Lubell wins trial against orthopedic surgeon accused of performing surgery on an infected patient.

In Florida, primary care physicians, specialists and other health care professionals can opt out of medical malpractice insurance coverage in a practice known as “going bare.” Going bare allows doctors to avoid paying high insurance deductibles and monthly or annual premiums, but without adequate legal support, it can be a risky decision, especially in today’s increasingly litigious society.

As Steven Lubell, Esq., partner with Florida law firm Lubell Rosen, said in describing the recent situation of an uninsured client, “Uninsured doctors often feel compelled to settle cases, even frivolous cases, in lieu of paying exorbitant defense fees.” This fear is a reality for many of Florida’s uninsured physicians, but in Dr. Marc Golden's case, Lubell and his team were able to provide an affordable, quality defense.

What Happened?

Dr. Golden, a leading orthopedic surgeon in Boca Raton, Florida, does not carry medical malpractice insurance coverage. He worked with the medical malpractice defense attorneys at Lubell Rosen after his patient, Efraim Kamy, brought a lawsuit against him. Kamy claimed that Dr. Golden had failed to diagnose an infection in his left knee, which led to surgery and the eventual loss of use of his entire leg.

For a period of four months in 2003, Dr. Golden treated Kamy for complications in his left knee. During that time, Dr. Golden ordered five lab cultures, four of which came back with negative results. One test revealed a small growth of staphylococcus lugdunensis (known as “Staph L”). However, Dr. Golden never received the positive culture results, but rather only the four negative tests. Based on this information, the surgeon did not believe Kamy had an infection, and performed a total knee replacement surgery in May of that year.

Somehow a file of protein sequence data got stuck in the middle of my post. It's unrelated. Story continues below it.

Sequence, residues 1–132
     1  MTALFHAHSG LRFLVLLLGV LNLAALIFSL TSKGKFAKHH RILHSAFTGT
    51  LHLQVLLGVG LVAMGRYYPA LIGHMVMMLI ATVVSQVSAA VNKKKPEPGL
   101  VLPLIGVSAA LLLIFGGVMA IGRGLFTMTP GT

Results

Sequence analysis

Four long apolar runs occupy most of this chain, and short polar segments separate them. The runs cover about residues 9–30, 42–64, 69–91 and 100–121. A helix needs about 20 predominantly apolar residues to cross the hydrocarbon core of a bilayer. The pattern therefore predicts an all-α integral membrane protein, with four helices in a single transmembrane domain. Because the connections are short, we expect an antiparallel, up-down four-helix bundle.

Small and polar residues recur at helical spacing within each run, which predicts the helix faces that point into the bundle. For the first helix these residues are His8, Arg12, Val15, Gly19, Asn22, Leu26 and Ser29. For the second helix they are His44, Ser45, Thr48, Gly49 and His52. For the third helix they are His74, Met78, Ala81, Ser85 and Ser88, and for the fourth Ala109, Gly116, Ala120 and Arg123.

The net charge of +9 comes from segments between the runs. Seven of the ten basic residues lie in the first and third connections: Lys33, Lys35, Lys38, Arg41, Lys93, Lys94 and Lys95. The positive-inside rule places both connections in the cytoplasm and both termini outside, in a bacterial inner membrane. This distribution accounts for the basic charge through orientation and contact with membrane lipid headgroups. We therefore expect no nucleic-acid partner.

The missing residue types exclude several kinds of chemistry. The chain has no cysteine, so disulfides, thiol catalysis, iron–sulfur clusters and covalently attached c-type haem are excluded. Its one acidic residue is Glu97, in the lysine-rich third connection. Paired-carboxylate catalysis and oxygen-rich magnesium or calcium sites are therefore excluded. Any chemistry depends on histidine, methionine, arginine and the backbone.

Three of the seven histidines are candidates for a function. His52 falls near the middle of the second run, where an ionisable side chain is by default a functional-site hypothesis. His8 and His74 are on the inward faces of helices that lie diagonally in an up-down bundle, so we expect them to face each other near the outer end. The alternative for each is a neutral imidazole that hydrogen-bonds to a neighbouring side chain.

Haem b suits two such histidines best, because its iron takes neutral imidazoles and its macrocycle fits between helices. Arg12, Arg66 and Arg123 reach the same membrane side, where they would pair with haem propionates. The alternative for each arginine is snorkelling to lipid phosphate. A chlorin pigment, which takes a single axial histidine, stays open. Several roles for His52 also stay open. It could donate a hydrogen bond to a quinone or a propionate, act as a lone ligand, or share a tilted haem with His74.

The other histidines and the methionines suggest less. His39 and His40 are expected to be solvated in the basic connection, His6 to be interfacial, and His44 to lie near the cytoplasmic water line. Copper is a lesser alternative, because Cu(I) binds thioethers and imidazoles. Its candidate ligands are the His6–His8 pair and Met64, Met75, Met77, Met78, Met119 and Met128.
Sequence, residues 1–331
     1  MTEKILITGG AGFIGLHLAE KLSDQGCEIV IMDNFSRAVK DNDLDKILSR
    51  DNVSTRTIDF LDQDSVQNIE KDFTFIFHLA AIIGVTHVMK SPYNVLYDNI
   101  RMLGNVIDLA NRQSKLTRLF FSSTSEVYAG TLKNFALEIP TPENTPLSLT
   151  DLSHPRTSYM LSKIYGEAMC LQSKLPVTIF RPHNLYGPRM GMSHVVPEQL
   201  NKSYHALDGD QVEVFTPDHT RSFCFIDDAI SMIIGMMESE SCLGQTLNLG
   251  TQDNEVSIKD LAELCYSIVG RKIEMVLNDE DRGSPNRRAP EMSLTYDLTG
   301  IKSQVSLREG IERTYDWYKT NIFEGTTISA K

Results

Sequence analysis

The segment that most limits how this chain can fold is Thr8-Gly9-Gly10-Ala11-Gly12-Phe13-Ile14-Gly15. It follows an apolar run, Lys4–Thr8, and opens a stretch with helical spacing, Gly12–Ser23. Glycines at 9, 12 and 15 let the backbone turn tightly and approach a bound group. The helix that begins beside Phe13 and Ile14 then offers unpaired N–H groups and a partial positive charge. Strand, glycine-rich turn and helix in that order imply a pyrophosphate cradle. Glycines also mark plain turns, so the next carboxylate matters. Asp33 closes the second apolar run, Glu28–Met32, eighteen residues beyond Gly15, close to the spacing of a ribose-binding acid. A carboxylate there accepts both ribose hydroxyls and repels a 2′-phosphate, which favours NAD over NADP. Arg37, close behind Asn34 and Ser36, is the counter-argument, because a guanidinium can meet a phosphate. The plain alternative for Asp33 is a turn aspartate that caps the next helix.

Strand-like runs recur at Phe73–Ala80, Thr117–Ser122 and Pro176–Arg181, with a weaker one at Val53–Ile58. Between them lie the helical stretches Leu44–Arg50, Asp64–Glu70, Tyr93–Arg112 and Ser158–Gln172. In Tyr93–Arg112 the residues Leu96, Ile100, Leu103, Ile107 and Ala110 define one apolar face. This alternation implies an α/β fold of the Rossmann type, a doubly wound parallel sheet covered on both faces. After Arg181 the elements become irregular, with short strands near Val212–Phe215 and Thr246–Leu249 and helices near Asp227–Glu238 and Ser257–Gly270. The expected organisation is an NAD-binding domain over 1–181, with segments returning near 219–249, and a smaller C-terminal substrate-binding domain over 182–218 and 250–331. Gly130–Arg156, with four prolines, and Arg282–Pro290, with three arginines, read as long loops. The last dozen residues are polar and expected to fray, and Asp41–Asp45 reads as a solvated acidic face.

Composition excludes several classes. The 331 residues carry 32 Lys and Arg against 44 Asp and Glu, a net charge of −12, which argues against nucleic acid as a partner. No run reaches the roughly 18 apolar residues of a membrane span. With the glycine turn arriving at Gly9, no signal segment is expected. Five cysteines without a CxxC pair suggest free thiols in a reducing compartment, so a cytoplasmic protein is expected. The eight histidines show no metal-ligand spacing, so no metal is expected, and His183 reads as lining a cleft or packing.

Following his knee surgery, Kamy moved to Israel, and it was there where he was first diagnosed with a knee infection by doctors. A lab test of a sample of Kamy’s knee came back positive for staphylococcus epidermis, or Staph E. As a result of this infection, the Israeli doctors had to remove Kamy’s prosthesis and perform knee fusion surgery. During the surgery, the doctors inserted a rod into Kamy’s leg to save the appendage – a move that Kamy claims cost him the full use of his left leg, which he can no longer bend.

In 2006, Kamy brought a lawsuit against Dr. Golden for medical malpractice. He asked for damages to cover his medical expenses in Israel, the loss of his leg’s functions and his inability to live normally, and for his pain and suffering. At trial, Lubell presented expert testimony from an orthopedic surgeon and an infectious disease specialist. Both doctors agreed that the Staph L finding was not a true infection, and could not have had an adverse impact on Kamy’s knee replacement surgery in Florida. The Staph E, found later, was an unrelated infection.

What It All Means

As Lubell stated, the verdict in this case “brought vindication to Dr. Golden, who maintained his innocence from the start.” Because Dr. Golden does not retain medical malpractice insurance, Lubell Rosen’s services were crucial in preserving his lack of negligence in this case. The firm’s medical malpractice defense attorneys aim to represent doctors in Florida who are facing legal complications without crushing them under a privately-funded defense.  

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Steven L. Lubell,  Esq.

 slubell@lubellrosen.com
 (954) 880-9500
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